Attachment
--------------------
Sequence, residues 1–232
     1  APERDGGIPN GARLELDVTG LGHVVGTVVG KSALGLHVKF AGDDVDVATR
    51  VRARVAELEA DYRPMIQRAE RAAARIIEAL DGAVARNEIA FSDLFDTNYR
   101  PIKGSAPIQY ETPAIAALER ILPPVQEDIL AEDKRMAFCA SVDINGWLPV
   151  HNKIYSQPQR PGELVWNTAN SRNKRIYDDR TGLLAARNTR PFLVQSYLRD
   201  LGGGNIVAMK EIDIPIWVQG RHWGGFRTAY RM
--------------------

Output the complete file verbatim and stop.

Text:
Sequence, residues 1–232
     1  APERDGGIPN GARLELDVTG LGHVVGTVVG KSALGLHVKF AGDDVDVATR
    51  VRARVAELEA DYRPMIQRAE RAAARIIEAL DGAVARNEIA FSDLFDTNYR
   101  PIKGSAPIQY ETPAIAALER ILPPVQEDIL AEDKRMAFCA SVDINGWLPV
   151  HNKIYSQPQR PGELVWNTAN SRNKRIYDDR TGLLAARNTR PFLVQSYLRD
   201  LGGGNIVAMK EIDIPIWVQG RHWGGFRTAY RM